Virtru Private Keystore: Deployment via Helm
Pulling the helm chart
To get started with your helm chart, create a local directory to store your chart. Then run the following command to add Virtru's helm charts to your local helm repo:
helm repo add virtru-charts https://virtru-corp.github.io/virtru-charts/
To view your helm repos, run:
helm repo list
You should see
virtru-charts added from the URL
To download a chart for editing, run the following command:
helm pull virtru-charts/cks --untar
You should see a directory called
cks created inside of your working directory.
There are a number of ways that Kubernetes secrets can be managed. If you do not have an existing external secret manager for your Kubernetes clusters, you can create secrets by using the
appSecrets section of the
Please note we recommend that you consider using an external secrets manager. Creating secrets via the
values.yaml is a default option to help get your CKS up and running more quickly.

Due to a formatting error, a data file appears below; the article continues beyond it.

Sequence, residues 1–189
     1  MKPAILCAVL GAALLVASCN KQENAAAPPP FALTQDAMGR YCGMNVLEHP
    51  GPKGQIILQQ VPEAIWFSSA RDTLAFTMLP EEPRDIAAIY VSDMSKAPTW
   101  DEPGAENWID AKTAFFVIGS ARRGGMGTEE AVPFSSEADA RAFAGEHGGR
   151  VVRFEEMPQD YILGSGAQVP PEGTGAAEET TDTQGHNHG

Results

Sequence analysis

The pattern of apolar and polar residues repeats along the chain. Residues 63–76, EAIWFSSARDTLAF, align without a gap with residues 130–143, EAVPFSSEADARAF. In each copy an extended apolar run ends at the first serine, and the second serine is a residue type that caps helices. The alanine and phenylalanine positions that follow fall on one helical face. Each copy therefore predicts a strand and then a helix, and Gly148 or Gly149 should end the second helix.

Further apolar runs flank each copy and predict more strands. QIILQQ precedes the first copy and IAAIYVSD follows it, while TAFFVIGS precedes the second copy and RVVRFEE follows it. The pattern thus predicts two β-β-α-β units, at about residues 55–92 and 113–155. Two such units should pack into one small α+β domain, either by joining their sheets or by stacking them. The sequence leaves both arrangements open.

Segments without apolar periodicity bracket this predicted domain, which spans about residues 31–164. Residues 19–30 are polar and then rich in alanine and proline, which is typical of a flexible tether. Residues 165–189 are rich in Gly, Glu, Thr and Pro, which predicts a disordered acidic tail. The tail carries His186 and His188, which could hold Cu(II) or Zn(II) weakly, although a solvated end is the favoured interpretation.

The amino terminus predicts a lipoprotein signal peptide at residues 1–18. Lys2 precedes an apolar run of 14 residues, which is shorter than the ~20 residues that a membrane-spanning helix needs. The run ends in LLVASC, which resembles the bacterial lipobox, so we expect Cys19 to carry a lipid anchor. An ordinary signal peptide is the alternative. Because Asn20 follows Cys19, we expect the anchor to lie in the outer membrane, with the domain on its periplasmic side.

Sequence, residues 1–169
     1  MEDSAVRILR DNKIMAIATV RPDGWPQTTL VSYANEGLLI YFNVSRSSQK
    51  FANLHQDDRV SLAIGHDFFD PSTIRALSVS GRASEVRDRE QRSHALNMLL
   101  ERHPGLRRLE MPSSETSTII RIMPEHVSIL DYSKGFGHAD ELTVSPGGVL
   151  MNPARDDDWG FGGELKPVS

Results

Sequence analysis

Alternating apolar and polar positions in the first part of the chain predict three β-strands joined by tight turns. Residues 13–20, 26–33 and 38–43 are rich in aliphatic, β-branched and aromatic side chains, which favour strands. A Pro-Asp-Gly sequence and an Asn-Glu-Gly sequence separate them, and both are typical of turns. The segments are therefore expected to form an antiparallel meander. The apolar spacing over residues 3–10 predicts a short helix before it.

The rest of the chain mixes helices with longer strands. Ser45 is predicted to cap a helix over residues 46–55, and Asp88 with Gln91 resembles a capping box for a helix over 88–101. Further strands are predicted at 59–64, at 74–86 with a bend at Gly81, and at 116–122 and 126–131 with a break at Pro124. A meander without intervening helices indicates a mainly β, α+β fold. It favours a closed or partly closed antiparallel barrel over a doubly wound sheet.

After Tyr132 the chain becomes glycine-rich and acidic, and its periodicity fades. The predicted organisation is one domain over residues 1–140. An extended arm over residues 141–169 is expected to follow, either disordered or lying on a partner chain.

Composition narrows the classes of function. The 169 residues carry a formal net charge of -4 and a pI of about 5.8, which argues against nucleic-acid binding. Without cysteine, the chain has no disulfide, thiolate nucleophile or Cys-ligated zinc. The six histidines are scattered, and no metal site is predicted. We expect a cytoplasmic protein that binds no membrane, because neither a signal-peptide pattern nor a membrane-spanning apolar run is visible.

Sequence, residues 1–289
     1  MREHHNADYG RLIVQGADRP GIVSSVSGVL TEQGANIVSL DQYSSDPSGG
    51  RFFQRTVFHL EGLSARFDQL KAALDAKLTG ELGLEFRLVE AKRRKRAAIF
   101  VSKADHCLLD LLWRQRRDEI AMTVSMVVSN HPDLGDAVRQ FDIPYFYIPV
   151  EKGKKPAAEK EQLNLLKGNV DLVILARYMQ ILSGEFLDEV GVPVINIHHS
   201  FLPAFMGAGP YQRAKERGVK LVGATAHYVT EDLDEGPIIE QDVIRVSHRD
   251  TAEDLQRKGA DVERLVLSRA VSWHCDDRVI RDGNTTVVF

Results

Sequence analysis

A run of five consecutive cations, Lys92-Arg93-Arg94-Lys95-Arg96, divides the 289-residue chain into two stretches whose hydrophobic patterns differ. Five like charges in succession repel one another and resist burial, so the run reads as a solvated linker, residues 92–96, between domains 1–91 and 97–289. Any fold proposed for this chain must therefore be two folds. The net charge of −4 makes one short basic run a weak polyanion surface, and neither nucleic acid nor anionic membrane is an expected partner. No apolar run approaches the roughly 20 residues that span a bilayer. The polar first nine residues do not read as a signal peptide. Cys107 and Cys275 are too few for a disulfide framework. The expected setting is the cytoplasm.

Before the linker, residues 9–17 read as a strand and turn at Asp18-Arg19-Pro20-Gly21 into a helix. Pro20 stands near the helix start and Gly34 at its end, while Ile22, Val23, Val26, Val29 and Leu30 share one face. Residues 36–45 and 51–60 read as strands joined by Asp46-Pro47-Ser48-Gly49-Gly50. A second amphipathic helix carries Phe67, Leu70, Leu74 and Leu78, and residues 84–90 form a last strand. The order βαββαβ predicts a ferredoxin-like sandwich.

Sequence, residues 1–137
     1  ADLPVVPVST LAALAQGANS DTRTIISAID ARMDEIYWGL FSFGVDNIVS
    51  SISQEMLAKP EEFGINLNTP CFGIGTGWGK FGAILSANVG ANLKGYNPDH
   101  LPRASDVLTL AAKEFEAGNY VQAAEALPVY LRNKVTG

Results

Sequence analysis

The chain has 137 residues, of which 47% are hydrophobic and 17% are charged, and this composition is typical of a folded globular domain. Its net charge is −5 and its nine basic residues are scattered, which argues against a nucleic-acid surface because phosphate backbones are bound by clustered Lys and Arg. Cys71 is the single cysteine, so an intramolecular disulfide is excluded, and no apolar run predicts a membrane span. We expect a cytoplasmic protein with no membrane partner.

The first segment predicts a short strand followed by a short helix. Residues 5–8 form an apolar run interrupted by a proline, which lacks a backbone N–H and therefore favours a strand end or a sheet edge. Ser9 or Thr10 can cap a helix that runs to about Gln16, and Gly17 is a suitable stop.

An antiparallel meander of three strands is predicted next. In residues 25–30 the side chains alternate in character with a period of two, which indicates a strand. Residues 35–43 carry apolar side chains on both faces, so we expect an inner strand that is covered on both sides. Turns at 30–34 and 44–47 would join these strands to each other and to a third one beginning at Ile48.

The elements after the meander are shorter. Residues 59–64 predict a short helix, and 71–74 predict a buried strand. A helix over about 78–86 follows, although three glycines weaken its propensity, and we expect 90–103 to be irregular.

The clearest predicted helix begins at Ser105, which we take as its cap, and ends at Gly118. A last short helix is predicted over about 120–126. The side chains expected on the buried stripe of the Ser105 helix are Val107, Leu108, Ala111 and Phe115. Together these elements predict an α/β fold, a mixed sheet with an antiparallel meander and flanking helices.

This section will detail potential changes that you will need to make to your
To serve traffic appropriately, you must have an ingress controller for your CKS service. This is enabled by default, but you will need to update the host under
ingress.hosts.host to match the FQDN of your CKS.
Depending on your environment, you will need to add annotations to:
- Apply your CA signed certificate
- Designate load balancer configurations
- Expose your load balancer to the internet
Update your secrets to match the values from your local CKS config as mapped below.
|Filename||Value from CKS setup script|
You can have multiple RSA keypairs on your CKS as long as they follow the naming convention rsa###.pub and rsa###.pem for all public/private keypairs.
Note: Indentation matters for a multiline string, ensure proper indentation for your CKS keys secrets.
Virtru Private KeystoreInstalling the
Use a standard helm install command to deploy your CKS. An example command is listed below:
helm install -n virtru -f ./values.yaml cks ./ --create-namespace